Economics for the Common Man

AAP chief and its chief ministerial candidate for Delhi Kejriwal waves to his supporters in New DelhiAam Aadmi (AAP), or Common Man Party ran a  simple but formidable campaign, beating back the Bharatiya Janata Party (BJP) ambitions to gain political capital in a Delhi state election.    The message was simple, “Never underestimate the power of the common man.”

Economics for the Common Man  

Aam Aadmi Party Common Man Political Cartoon published on AAP website 10 February 2015

The rise of the AAP’s Arvind Kejriwal, Delhi’s new Chief Minister and former tax inspector provide important insights into the nature of politics at the grassroots level in India.  On the one hand, ‘pro-poor polices and clean government’ is the narrative for the ‘common man.’  Politicians functioning as intermediaries with the state acquire influence and amass political capital (Krishna, 2012).  On the other hand, a great deal of hard work is required to mobilize non-caste based political entrepreneurs who can deliver economic benefits and provide avenues for greater political participation (Krishna, 2012).  From this vantage point, it is imperative that the ruling party remain focused on redistributing wealth from the more advantaged to the less advantaged.

The Challenge for Economic Reforms 

In October 1929 Sir Basil Blackett characterized political unrest in India as an economic phenomenon of the middle class, the “outcome of discontent and maladjustment” (Foreign Affairs, October 1929).   Today, the challenge for economic reforms in India is inclusive growth.  Social unrest and protests similarly runs deep in resource-rich areas of central and eastern India, where rapid economic growth has been accompanied by rapidly growing inequality (HRW, World Report: 2012).

Prime Minister Narendra Modi swept to power with the biggest national election victory in three decades, promising to revitalize India’s economy, fix governance and push through reform legislation by executive decree.  However, economics for the common man is systematic.  The strategies and processes that create, break down, and recreate social coalitions in the party system require calculated tactical alliances (Swamy, 2012).   Institutions in the economic system must distribute rights and realize solutions.  When these transaction are taken into account, it turns out that the existence of firms, the structure of the financial system and even fundamental features of the legal system can be given a relatively simple explanation (see Coase, 1960).

BRICS to Discuss Creating it’s Own Rating Agency

BRICSBRICS experts will meet in March to discuss the idea of establishing an independent credit rating agency announced Brazilian Ambassador to Russia Jose Vallim Antonio Guerreiro.  The agency would become an alternative to the ‘big three’ firms: Standard and Poor’s (S&P), Moody’s, and Fitch Group.

The BRIC [Brazil, Russia, India and China] idea was first conceived in 2001 by Goldman Sachs as part of an economic modeling exercise to forecast global economic trends over the next half century; the acronym BRIC was first used in 2001 by Goldman Sachs in their Global Economics Paper No. 66, “The World Needs Better Economic BRICs”.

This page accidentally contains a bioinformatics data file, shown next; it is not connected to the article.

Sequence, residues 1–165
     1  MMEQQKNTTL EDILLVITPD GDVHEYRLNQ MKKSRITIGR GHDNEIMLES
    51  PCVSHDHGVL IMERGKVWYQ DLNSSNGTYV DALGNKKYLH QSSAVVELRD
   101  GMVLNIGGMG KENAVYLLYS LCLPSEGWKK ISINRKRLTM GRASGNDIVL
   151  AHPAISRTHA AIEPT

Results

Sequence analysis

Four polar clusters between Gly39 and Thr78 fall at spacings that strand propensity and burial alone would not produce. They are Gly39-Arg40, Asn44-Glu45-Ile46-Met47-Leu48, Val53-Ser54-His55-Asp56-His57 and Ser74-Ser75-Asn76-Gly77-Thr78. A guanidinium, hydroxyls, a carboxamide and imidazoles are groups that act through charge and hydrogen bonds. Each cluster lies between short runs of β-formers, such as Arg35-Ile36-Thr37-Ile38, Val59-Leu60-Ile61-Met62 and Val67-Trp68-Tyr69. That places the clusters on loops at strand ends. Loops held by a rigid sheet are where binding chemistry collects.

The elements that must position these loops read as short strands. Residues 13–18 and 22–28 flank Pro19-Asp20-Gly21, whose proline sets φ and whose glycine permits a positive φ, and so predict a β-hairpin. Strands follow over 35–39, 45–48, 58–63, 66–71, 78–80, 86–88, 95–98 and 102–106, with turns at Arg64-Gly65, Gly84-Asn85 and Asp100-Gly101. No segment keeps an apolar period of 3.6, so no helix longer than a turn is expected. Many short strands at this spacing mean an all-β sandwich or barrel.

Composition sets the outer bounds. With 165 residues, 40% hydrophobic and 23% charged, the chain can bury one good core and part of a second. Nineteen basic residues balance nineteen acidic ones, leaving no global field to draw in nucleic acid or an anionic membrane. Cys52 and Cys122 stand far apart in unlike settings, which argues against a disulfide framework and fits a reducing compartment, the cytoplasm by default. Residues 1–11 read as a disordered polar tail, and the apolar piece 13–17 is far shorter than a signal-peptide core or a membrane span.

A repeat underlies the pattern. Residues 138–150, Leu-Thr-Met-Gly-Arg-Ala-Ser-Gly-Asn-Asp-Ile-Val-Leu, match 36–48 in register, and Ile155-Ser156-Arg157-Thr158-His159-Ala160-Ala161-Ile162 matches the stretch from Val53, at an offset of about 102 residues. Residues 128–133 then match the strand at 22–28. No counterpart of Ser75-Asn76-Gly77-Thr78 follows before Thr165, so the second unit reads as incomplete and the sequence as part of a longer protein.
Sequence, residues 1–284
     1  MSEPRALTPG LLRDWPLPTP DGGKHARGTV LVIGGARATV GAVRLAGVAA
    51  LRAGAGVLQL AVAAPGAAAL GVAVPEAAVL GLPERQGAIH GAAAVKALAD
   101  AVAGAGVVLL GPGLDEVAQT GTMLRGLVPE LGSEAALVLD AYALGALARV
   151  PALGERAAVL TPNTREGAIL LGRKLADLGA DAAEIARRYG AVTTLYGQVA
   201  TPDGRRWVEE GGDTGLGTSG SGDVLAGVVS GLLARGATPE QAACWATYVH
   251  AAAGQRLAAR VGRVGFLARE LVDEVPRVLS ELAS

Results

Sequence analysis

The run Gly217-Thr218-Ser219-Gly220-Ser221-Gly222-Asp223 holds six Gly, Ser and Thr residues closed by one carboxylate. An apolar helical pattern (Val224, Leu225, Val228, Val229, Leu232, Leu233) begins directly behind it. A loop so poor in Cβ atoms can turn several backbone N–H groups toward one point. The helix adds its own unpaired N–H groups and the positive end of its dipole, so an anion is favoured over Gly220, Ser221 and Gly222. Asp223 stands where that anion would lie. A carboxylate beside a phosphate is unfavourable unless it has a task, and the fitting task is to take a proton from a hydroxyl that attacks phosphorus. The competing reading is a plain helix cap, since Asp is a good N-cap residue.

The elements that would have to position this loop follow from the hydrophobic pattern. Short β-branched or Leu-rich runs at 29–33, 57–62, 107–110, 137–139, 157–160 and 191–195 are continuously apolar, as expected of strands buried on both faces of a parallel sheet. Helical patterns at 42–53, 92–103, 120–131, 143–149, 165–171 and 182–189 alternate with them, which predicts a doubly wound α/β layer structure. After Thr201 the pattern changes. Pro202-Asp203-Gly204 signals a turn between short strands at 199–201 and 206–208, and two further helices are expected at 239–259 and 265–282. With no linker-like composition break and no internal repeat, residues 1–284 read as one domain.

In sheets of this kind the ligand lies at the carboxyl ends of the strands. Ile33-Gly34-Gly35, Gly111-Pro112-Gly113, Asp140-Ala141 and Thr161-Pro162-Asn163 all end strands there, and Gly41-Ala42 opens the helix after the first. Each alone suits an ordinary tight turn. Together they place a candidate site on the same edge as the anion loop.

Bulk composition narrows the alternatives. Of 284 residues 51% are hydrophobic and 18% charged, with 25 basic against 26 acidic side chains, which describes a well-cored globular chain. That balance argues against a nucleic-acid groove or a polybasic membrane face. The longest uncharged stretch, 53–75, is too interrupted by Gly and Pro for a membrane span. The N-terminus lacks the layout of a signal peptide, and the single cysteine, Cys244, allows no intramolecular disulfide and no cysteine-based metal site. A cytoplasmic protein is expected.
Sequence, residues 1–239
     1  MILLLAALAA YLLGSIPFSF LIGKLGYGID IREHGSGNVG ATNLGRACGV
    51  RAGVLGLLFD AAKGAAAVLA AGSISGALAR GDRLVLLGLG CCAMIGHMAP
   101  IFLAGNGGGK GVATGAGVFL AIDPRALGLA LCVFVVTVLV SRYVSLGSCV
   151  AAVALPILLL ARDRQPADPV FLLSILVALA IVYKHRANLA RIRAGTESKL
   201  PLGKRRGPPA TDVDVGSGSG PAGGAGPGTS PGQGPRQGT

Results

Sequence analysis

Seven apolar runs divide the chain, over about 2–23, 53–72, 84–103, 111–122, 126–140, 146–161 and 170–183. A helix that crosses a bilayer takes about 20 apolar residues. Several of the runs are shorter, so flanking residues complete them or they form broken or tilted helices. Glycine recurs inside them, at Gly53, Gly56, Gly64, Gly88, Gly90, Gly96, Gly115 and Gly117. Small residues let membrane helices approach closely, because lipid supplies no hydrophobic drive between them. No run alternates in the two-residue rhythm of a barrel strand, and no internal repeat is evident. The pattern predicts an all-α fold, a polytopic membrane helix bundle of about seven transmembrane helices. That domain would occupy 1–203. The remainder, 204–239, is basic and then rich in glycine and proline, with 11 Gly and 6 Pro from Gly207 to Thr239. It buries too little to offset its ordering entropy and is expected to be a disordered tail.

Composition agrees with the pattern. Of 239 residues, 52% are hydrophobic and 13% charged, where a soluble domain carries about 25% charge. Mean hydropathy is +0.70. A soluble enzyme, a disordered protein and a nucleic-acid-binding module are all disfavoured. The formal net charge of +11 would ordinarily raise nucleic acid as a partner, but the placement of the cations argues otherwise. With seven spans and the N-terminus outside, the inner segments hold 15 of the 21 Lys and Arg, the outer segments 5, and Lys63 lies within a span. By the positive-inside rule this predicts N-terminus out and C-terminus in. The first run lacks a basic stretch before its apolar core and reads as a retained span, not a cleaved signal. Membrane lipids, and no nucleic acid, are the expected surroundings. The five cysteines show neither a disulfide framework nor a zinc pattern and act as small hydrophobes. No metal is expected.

Today, their collective contribution (which includes South Africa) to global economic growth over the last decade has reached 50%, which makes this group of states the leading power in global economic development.   In addition, BRICS accounted for approximately 11% of global annual foreign direct investment (FDI) flows in 2012 (US$465 billion); and 17% of world trade with combined foreign reserves estimated at US$4 trillion.

“We may need to look for alternative indicators and broad approaches to assess the ‘health’ of economies,” said Ambassador Guerreiro. “I do not believe that the new agency will be something to resist the existing institutions.  They do their job, and certainly, there is a demand for their services.  But it is possible that the BRICS countries will elaborate a different approach”  (Office Group, SCO BRICS, Ufa 2015).

The challenge of course, is how the procedures of existing rating agencies can be applied more fairly to all economies.  The credit rating firm Standard & Poor’s will pay $1.5 billion to resolve a collection of lawsuits over its ratings on mortgage securities that soured in the run-up to the 2008 financial crisis, concluding one of the U.S. government’s most ambitious cases tied to the housing collapse.  The settlement comes after more than two years of litigation as S&P tried to beat back allegations that it issued overly positive ratings in order to win more business (Reuters, 2015).

Incentivizing Trade and Investment

The U.S.-India Business Council (USIBC) hosted President Barack Obama and Prime Minister Narendra Modi for a first-ever joint address to the U.S. and Indian business communities on Monday, January 26 in New Delhi along with the Government of India’s Department of Industrial Policy & Promotion (DIPP), the Confederation of Indian Industry (CII) and the Federation of Indian Chambers of Commerce & Industry (FICCI).